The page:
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Prop 8 on Trial Yet Again

It’s going to be a really quick episode this week, since we’re gearing up for the Prop 8 hearing on Monday.

That’s when lawyers will be presenting what The Atlantic called “the worst argument of the year,” in essence asking for a do-over because they didn’t like that the Federal District Court found Prop 8 to be unconstitutional.

The hearing comes just one day after the anniversary of Loving v. Virginia, the case that ended the nation’s ban on interracial marriage. Late last week, Ted Olson and David Boies released this video about how that case has echoes in the fight for marriage today. You should definitely see it if you haven’t already. And if you have, see it again.

Over on the other coast, we have just one week left to legalize marriage in New York. Republican Senator Greg Ball suggested that he would only support the measure if it carved out huge exceptions, in essence allowing anyone to treat married gay couples like they’re still single.

Even if we lose again in New York — and it’s looking like we very well may — the fight’s still far from over, with new allies joining us every day. Last week Gawker announced that they’ll hold a fundraiser for marriage on June 22, at which point we’ll either be celebrating an amazing success, or digging in to do it all again next year. I spoke to Gawker’s Brian Moylan about the fundraiser — you can click here to watch our full conversation.

In Illinois, Catholic Charities has sued the state in an attempt to preserve its discriminatory adoption practices. The organization wants the right to withhold foster children from gay parents, thereby preventing children from finding supportive adoptive families.

The city of Cambridge will begin reimbursing municipal employees who are forced to pay the federal “gay tax.” Even though those couples are legally married in Massachusetts, the IRS still taxes them like they’re single. Cambridge is believed to be the first municipality that will make up the difference.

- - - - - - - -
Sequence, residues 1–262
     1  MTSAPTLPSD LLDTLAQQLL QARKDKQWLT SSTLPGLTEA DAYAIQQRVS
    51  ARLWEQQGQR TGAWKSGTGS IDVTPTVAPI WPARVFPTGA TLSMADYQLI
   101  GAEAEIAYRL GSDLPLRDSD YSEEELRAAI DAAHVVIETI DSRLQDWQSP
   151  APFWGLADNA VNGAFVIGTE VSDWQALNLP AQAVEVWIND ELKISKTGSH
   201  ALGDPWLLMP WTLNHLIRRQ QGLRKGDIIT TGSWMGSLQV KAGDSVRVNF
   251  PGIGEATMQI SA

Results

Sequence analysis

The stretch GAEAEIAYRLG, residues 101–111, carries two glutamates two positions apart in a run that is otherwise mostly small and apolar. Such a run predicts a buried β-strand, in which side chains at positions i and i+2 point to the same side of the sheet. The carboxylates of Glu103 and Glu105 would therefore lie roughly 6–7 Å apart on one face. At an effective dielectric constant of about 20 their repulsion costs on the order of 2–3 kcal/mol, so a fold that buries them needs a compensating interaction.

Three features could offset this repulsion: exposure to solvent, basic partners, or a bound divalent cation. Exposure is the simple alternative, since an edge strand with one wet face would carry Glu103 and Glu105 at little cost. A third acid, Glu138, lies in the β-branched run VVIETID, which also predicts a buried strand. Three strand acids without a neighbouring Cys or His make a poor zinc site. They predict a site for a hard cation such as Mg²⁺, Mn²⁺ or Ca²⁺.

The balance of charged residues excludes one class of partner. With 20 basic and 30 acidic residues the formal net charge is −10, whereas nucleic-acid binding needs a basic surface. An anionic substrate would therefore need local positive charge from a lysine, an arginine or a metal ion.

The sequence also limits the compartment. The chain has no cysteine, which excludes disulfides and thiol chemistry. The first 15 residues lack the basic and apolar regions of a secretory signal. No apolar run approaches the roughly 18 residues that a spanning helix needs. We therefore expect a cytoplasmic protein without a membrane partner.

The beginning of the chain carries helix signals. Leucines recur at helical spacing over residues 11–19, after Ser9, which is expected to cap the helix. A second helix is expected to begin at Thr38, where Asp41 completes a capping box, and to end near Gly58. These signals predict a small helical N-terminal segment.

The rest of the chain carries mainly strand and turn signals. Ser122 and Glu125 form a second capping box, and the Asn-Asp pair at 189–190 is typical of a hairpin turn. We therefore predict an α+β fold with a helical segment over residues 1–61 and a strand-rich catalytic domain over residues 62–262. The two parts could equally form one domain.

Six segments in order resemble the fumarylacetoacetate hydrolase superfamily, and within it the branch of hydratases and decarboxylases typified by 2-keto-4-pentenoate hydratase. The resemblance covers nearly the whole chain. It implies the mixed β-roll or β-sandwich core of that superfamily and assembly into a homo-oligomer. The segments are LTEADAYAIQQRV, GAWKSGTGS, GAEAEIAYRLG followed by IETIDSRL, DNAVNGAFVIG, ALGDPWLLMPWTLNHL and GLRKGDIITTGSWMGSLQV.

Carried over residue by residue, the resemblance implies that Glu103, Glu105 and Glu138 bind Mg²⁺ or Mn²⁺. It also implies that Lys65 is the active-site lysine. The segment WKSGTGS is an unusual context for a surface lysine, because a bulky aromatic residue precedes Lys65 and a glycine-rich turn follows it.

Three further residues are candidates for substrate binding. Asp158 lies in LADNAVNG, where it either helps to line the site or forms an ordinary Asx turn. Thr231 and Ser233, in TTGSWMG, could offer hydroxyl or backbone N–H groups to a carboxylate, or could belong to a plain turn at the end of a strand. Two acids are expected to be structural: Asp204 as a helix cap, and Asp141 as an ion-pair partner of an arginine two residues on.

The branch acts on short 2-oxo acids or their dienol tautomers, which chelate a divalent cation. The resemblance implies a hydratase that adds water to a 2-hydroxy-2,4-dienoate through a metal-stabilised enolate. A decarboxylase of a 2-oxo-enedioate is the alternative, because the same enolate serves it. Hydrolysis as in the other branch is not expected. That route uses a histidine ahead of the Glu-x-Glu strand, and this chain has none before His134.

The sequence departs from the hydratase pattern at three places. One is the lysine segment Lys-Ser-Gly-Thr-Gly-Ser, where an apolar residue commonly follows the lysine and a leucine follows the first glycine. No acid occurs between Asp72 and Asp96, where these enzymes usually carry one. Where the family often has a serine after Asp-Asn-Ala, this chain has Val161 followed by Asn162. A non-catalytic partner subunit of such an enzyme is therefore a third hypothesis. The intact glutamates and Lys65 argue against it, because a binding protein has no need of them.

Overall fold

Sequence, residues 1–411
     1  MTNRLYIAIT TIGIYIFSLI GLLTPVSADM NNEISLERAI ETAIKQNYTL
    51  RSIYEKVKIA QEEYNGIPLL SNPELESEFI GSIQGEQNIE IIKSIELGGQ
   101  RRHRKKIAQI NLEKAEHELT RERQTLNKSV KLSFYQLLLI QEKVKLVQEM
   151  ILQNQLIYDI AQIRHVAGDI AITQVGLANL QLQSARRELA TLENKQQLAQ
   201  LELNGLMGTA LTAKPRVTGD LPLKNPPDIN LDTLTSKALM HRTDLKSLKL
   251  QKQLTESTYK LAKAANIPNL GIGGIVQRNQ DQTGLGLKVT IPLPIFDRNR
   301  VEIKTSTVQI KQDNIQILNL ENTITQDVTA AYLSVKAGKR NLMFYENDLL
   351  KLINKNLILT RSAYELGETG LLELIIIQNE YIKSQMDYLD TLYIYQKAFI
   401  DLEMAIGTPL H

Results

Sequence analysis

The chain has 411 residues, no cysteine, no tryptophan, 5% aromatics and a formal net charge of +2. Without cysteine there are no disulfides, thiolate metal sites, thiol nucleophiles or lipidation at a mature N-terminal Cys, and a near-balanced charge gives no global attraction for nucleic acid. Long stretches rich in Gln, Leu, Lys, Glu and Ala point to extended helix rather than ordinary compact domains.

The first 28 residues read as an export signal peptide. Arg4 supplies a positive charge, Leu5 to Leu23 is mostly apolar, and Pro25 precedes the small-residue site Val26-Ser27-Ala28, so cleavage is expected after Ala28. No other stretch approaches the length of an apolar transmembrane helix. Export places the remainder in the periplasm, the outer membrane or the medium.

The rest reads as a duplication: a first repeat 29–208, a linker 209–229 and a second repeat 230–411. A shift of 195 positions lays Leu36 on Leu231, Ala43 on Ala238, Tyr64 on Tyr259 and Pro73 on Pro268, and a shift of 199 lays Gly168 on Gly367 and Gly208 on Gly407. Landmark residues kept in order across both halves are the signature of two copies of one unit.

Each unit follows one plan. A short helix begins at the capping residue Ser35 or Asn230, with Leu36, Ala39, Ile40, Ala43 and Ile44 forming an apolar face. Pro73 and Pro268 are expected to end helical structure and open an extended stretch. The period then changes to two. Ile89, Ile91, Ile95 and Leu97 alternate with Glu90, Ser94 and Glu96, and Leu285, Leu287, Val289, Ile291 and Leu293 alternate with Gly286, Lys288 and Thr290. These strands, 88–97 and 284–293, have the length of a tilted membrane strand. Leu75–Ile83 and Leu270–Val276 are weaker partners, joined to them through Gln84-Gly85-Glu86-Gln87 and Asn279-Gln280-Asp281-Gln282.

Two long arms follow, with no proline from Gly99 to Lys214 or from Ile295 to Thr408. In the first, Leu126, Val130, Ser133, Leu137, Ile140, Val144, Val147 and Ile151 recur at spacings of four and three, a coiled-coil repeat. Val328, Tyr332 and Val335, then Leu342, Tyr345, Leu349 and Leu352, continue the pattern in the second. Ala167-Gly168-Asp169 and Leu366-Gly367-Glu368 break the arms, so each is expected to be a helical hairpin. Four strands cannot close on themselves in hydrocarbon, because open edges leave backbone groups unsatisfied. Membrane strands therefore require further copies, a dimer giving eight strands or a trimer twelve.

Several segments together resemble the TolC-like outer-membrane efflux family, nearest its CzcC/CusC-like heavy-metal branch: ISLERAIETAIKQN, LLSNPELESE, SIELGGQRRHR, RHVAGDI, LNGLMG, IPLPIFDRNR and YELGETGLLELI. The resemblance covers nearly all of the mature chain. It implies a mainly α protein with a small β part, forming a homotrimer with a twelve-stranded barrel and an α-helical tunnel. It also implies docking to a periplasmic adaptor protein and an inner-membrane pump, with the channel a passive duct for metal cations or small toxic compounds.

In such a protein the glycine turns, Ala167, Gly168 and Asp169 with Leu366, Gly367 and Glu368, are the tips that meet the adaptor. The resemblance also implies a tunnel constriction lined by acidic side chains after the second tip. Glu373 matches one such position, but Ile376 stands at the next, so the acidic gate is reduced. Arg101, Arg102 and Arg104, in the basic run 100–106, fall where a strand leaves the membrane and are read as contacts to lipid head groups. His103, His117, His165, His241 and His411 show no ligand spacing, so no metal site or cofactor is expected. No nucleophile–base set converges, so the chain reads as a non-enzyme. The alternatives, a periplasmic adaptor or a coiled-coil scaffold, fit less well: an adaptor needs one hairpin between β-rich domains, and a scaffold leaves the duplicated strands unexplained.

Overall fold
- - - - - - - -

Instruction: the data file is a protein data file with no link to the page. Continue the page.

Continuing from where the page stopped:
Support for marriage is growing in Wisconsin, with a new poll showing us just four points shy of majority support. Five years ago, we lost a marriage referendum by 19 points.

Two surprising legal headlines this week: A judge in Wyoming ruled that you can’t get married in that state, but you can get divorced if you have a marriage from somewhere else. And a federal judge has ruled that a bankruptcy case involving a couple with a domestic partnership may be eligible for the same protections as marriage.

And Target has again expressed its indifference to LGBTs by refusing to stop funding anti-gay politicians. Target keeps claiming that they’re an inclusive company, but they’ve abandoned their responsibility to help the community as we fight anti-gay politicians that Target helped create.

In international news, the Scottish government has launched a study on the feasibility of granting marriage equality, and Human Rights Watch continues to push for civil union recognition in Lichtenstein. The country holds an election on the issue at the end of this week.

Those are the headlines on this week’s extra-fast version of Marriage News Watch. Click over here to subscribe to weekly updates, and visit us at for more info on all these stories and more.

See you next week.

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